Columbia County property taxes rise from property value, millage rates lowers

CSRA News

Columbia County property tax bills are in mailboxes and posted online and tax dollars have risen.

County leaders say this is a good thing.

Let’s face it, nobody is ever super thrilled to pay their large bills, and this bill might actually be a little bit large, but just because it’s a tax bill, don’t be so quick to blame the county. We have to look at this as more of a personal investment.

Deputy County Manager, Matt Schlacter, says, “people do assume that their taxes are getting higher because their commissioners are raising taxes, and that’s not the case. Commission actually voted a month ago to lower the taxes, lower the millage rate.”

So, Columbia County residents are actually paying their government less than that what they have been on those property tax bills sitting in their mailboxes.

“If the property values get low, we start losing revenue, so the only way to offset that is to raise your taxes. That’s a bad thing. We’re the exact opposite,” says Schlacter. “Our property values are growing, more people are coming here, so we are able to lower our rate to get the same money we need.”

We’ve entered what they call a sellers market. Growth is coming to Columbia County and people want to live here.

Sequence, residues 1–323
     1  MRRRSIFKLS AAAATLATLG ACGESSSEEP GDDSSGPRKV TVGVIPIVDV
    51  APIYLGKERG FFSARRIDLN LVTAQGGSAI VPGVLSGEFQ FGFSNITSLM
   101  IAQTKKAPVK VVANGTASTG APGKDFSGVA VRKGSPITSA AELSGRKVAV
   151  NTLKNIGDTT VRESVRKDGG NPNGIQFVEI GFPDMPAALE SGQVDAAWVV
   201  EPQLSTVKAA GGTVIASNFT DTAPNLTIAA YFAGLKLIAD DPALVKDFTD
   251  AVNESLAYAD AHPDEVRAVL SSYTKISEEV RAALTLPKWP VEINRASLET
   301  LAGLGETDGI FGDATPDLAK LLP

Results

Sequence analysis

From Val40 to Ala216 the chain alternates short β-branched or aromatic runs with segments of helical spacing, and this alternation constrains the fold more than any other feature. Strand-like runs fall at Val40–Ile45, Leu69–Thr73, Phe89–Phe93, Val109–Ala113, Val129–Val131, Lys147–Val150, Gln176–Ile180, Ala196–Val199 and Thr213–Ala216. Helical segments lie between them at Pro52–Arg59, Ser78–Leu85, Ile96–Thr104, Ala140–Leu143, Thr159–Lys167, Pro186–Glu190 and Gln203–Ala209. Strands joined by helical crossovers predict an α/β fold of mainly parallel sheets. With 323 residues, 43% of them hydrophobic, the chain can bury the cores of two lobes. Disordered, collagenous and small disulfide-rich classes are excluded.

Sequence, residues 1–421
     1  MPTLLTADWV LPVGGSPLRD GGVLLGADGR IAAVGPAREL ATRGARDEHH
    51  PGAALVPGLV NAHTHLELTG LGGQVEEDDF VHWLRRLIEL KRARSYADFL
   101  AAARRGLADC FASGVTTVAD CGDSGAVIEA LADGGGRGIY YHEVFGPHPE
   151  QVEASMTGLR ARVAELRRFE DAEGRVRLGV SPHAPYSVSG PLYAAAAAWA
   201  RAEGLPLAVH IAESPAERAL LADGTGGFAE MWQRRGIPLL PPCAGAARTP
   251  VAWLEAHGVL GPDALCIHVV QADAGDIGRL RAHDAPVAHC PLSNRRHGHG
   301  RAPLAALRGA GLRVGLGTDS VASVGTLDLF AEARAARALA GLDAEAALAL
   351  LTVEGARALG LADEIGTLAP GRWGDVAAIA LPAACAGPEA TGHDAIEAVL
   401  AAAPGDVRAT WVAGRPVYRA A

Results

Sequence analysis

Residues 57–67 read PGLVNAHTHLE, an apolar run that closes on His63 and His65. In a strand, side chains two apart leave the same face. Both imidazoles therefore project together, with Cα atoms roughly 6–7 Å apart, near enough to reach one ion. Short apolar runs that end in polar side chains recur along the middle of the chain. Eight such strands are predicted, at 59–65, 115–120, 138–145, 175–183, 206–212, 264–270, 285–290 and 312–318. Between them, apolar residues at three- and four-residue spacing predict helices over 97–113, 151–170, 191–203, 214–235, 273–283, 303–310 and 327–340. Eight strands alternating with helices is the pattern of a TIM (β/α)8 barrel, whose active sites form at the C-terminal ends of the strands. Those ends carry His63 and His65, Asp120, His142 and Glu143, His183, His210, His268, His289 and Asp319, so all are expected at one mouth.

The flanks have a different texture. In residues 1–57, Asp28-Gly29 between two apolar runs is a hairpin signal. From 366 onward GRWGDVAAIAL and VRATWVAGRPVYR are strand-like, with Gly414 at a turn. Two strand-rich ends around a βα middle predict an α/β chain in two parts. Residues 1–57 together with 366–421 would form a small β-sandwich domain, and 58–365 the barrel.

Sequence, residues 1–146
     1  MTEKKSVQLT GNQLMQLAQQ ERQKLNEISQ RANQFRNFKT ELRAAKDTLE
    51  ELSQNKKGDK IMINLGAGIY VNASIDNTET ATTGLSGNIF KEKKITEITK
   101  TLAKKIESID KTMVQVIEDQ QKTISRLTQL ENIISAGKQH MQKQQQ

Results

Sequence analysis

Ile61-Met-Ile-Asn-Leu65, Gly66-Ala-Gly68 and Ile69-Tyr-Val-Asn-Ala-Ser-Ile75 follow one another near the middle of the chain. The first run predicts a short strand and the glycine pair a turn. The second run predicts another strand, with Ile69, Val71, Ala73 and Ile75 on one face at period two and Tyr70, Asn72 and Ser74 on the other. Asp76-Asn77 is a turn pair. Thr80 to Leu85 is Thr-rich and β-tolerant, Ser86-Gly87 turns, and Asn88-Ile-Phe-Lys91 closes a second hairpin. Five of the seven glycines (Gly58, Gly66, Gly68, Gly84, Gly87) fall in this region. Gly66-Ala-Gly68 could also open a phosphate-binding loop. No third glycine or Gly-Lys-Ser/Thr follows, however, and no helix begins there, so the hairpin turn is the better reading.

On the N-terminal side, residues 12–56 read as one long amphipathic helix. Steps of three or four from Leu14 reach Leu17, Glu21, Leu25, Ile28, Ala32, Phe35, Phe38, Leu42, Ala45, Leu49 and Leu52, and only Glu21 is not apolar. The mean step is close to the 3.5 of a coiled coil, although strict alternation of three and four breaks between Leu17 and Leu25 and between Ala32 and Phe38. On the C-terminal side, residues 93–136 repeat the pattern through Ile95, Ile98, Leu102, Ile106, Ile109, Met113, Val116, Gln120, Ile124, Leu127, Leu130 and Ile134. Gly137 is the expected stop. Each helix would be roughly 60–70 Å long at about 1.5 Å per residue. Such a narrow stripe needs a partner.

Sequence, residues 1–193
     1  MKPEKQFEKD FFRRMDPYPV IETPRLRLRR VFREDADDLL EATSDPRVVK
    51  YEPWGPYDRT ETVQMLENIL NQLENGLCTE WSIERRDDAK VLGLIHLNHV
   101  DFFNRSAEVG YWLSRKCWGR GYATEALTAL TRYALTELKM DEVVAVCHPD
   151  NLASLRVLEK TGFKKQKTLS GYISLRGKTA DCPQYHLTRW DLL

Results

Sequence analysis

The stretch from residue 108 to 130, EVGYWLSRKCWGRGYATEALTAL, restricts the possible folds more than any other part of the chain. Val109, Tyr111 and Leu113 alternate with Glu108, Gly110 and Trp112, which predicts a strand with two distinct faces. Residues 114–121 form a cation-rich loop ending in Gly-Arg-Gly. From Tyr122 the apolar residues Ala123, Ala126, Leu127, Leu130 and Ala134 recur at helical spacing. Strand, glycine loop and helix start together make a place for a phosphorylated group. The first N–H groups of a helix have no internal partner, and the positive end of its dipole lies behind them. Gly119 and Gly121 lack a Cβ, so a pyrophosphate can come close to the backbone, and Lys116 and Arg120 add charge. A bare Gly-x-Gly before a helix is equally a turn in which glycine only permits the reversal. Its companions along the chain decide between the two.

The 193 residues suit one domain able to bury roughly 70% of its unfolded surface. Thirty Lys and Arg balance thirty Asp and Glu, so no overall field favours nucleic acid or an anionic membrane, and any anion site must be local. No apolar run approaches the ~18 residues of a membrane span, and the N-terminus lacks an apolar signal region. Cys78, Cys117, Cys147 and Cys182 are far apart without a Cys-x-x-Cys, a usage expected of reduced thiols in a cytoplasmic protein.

According to Blanchard and Calhoun’s Real Estate sales numbers, the sale price of homes in Columbia County have increased in the last five years.

“There’s a high demand for property in Columbia County. So, that’s a great thing, it’s a great investment. You buy a home in Columbia County, it’s a good investment because when you do decide to move, you’re going to make money on your property,” says Schlacter.

We took a concrete example from a homeowner’s recent tax bill and compared it to last year. In 2018 the county tax was about $1,100. In 2019, it reached $1,140. The number paid to the county is higher this year, but the house value is what’s important.

In 2018, it was worth $290,000. In 2019, it is worth $303,000 dollars. That’s over $10,000 that could be pocketed, and it’s all from a decreased millage rate.

“Any time you can buy something and sell it at a later date to make more money than you paid for it that’s a great investment. So, you want to see rising property taxes,” says Schlacter.

He says some homeowners have called to get their properties re-evaluated, but the tax office deals with those callers.

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